By installing linux you will have full access to all of your computer. Open source software generally have very permissive terms of use. When you use a proprietary product the license terms generally very restrictive as to what you are allowed to do with your computer, and surveillance you must accept. When the source there are no restrictions.

If your computer updates, despite your protest, who really owns that computer?

Security Analysis of ChainLocks complete

In Satoshi Nakamoto's bitcoin paper there is section 11 with the title "Calculations". This section basically proves that bitcoin is very secure as long as at least half of the hashing power is behaving as expected.

Last year, the cryptocurrency Dash introduced a secondary consensus mechanism called ChainLocks. The technical specification of ChainLocks was explained in a document known as Dash Improvement Proposal 008 or DIP008. When this document was published I quickly went to calculate the security provided by the new specification. The large 400 node quorum means that the spread sheet I had for such calculations choked hard. So it was time to pull out the big guns, Python.

Within a half an hour I was maxing out a processor of my old laptop with calculations. I was happy that minutes later I had an answer, and the answer was affirmative. ChainLocks did provide security from purposefully malicious actors. I went back to other tasks now that I was convinced of the security of ChainLocks. Then I received a few questions about how to perform these calculations. So I shared my Python script. Thephez on github made this Python script much more efficient. It would run in seconds instead of minutes.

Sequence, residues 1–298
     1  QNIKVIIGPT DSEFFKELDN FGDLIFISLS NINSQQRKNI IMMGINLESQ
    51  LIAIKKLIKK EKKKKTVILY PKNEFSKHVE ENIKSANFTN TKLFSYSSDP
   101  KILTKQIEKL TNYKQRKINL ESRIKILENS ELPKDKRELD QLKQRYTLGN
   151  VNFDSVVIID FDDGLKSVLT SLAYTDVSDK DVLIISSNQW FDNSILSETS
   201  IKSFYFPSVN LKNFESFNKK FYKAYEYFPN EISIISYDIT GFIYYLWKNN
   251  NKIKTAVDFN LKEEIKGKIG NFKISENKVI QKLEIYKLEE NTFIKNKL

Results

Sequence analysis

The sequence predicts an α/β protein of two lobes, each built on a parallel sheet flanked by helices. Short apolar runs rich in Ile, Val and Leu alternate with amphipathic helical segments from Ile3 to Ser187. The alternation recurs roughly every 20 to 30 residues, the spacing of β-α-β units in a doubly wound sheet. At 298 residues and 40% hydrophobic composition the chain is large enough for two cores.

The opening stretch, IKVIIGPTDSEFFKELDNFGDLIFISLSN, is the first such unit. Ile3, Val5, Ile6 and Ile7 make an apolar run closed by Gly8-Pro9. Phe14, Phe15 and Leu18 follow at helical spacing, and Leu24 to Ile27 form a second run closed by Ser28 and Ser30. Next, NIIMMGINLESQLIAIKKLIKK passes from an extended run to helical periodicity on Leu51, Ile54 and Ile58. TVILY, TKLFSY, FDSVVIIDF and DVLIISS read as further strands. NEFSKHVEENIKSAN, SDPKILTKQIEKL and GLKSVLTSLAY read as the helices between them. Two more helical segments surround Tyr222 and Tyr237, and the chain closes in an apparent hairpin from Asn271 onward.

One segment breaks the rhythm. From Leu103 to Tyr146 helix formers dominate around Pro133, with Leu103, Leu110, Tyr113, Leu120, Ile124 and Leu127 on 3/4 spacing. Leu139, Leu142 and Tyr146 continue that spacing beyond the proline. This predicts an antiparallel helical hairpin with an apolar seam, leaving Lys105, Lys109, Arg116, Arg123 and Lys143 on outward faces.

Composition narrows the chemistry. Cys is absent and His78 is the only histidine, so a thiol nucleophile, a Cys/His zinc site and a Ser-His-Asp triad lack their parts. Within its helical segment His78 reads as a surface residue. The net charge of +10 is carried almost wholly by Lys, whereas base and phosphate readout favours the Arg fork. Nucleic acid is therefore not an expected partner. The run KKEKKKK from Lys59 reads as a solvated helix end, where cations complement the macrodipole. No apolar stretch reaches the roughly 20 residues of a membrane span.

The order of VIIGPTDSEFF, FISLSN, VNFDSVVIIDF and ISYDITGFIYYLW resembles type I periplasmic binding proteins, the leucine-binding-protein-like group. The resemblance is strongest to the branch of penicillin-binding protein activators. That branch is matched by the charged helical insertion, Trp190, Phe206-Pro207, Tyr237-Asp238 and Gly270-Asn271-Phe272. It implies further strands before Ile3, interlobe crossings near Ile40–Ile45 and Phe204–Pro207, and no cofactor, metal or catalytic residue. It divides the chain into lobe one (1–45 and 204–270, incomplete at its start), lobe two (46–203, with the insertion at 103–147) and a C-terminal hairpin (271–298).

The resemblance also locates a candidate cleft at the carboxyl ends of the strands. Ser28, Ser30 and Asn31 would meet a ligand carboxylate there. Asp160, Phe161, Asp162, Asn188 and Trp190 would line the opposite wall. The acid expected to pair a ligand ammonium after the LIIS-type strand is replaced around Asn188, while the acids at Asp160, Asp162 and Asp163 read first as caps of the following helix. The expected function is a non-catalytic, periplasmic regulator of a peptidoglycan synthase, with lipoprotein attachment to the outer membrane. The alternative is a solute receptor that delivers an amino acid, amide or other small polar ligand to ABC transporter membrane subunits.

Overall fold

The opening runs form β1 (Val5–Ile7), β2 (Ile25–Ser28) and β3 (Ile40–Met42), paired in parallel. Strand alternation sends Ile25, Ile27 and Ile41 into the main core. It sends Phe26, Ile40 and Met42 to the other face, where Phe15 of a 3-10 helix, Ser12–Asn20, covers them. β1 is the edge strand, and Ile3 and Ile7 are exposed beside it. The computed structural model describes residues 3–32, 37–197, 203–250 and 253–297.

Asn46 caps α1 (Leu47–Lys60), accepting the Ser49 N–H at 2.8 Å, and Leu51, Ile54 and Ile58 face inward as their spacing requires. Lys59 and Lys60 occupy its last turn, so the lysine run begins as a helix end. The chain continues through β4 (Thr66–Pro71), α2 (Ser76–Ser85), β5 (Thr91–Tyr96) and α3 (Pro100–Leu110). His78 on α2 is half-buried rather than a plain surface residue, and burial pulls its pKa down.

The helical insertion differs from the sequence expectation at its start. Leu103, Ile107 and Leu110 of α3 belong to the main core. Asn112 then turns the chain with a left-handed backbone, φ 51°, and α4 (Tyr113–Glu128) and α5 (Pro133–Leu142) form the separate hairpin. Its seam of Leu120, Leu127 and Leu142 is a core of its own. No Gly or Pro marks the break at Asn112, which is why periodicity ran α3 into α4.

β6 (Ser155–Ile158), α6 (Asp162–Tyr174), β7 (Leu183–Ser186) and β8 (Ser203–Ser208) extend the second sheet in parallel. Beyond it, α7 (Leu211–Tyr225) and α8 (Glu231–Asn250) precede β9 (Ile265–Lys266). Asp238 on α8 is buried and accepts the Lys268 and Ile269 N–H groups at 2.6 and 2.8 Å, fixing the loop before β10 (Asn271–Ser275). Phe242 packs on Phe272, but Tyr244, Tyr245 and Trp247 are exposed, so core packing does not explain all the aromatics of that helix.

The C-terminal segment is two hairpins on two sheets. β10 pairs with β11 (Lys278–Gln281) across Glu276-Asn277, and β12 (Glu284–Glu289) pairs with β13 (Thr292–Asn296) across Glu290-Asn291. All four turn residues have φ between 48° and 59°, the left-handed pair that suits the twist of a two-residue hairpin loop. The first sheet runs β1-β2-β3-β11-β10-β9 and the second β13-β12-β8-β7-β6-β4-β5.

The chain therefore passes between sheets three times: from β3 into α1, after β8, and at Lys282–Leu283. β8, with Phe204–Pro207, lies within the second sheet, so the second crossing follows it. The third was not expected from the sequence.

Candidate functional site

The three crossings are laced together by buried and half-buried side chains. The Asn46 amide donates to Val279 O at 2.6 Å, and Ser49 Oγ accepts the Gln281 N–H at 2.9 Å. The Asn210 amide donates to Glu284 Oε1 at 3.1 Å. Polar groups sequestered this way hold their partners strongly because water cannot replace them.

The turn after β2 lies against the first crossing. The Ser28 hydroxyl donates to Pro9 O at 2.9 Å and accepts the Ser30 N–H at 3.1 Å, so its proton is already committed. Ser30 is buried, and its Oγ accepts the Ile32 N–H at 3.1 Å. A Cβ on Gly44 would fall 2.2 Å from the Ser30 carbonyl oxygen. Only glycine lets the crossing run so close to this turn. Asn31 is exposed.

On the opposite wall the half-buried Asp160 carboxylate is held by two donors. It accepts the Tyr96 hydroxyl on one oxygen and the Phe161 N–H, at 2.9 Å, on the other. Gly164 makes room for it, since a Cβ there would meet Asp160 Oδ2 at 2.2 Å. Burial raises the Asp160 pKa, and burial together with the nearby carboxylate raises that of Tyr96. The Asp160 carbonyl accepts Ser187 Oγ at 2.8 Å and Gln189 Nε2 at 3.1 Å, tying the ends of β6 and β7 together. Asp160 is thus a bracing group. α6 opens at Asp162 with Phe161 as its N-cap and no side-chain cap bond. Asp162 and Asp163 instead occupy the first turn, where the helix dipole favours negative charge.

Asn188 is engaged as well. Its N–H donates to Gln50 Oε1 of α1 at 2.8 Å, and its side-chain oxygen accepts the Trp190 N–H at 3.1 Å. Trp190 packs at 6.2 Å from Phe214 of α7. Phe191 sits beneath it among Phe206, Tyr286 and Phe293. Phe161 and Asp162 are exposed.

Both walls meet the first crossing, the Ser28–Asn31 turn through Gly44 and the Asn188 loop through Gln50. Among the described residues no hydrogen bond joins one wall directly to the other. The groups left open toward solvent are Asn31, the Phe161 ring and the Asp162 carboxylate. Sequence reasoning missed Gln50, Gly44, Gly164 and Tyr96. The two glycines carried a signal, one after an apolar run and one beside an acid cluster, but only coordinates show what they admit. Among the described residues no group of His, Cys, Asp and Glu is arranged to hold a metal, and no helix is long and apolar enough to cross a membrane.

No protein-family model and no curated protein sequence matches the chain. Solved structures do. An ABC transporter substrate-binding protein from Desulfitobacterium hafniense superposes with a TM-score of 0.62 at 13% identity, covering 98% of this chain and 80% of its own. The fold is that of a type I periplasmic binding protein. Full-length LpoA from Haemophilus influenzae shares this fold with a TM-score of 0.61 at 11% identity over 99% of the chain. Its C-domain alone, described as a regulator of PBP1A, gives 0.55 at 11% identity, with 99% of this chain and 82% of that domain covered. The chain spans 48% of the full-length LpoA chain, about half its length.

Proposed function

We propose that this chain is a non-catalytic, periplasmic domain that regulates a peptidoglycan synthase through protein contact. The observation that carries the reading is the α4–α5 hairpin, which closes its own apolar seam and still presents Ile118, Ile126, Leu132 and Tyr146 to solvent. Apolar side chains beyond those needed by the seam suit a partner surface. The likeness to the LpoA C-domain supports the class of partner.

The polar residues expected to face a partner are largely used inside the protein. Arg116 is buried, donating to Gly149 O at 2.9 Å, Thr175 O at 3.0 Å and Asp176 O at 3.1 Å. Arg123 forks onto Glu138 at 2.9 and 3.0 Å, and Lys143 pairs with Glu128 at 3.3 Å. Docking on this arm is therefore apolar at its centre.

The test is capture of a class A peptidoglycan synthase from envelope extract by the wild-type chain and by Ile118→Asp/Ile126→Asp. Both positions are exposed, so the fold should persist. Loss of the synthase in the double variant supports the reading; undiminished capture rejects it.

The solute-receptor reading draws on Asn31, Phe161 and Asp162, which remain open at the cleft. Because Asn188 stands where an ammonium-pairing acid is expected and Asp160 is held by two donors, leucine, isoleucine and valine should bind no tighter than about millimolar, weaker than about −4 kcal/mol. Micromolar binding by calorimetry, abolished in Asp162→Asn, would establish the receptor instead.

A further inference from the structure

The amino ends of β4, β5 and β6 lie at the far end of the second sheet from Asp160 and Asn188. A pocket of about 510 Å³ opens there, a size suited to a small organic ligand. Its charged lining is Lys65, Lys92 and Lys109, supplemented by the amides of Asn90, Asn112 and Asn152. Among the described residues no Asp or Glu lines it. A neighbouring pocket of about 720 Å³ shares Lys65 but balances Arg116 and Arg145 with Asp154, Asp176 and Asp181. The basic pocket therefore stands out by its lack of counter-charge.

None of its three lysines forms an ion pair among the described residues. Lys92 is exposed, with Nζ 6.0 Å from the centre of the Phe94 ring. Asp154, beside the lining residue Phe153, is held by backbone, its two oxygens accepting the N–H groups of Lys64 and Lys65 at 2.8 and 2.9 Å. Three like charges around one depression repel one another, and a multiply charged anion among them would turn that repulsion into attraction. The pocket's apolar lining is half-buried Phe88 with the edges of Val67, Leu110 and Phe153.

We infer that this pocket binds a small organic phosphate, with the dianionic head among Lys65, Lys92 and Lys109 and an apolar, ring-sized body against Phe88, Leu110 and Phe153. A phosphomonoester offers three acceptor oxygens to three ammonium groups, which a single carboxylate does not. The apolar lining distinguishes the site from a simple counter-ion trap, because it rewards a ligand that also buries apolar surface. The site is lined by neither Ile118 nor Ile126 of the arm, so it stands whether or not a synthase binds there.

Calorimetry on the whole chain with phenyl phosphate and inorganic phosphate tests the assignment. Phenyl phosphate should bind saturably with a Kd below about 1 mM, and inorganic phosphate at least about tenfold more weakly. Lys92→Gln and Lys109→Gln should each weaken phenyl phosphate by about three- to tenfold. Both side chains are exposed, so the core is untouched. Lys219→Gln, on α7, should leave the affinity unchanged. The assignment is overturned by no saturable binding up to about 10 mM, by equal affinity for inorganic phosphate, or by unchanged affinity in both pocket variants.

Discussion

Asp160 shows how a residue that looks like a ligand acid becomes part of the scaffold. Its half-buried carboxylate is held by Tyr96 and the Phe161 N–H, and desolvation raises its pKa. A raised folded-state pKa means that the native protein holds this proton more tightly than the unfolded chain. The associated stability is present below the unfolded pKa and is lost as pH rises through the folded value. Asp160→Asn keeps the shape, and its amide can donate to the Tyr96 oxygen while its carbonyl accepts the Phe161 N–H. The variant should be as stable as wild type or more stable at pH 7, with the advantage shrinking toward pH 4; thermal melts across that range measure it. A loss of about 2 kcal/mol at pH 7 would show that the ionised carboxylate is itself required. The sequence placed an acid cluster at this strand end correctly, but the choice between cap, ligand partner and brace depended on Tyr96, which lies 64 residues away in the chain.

I then thought back to Satoshi's paper. It was really that Calculations section that was the convincing part. So in the open source spirit I formally wrote up the security analysis and submitted a pull request. Today, that pull request was merged. DIP008 now has a calculations section.

The calculations rely on binomial coefficients. As an example you can type "7 choose 5" in google and get 21. The number 7 choose 5 is written \[ _7 C_5 = {7 \choose 5} = 21\]

My main complaint is that GitHub's markdown does not out of the box render all mathematics. I used the notation \( _n C_r \) for \(n\) choose \(r\) because markdown of github supports that better. I generally think \( { n \choose r }\) is a more common notation.

My favorite quote is:

The attacker would have a less than one in 100 trillion chance of producing at least one malicious ChainLock in the next sextillion (10^21) years.

This is assuming that thirty percent or less of the Masternodes are controlled by an attacker.

The heart of the calculations is in the function pcalc below.

dip008functions.py (Source)

def binom(x, y):
        binom = fac(x) // fac(y) // fac(x - y)
    except ValueError:
        binom = 0
    return binom

###This function takes inputs and outputs the probability
#of success in one trial
#pcalc is short for probability calculation
def pcalc(masternodes,quorumsize,attacksuccess,Byznodes):
    SampleSpace = binom(masternodes,quorumsize)
    for x in range(attacksuccess, quorumsize+1):
        pctemp = pctemp + binom(Byznodes,x)*binom(masternodes-Byznodes,quorumsize-x)
    #at this juncture the answer is pctemp/SampleSpace
    #but that will produce an overflow error.  We use logarithms to
    #calculate this value
    return 10 ** (log(pctemp,10)- log(SampleSpace,10))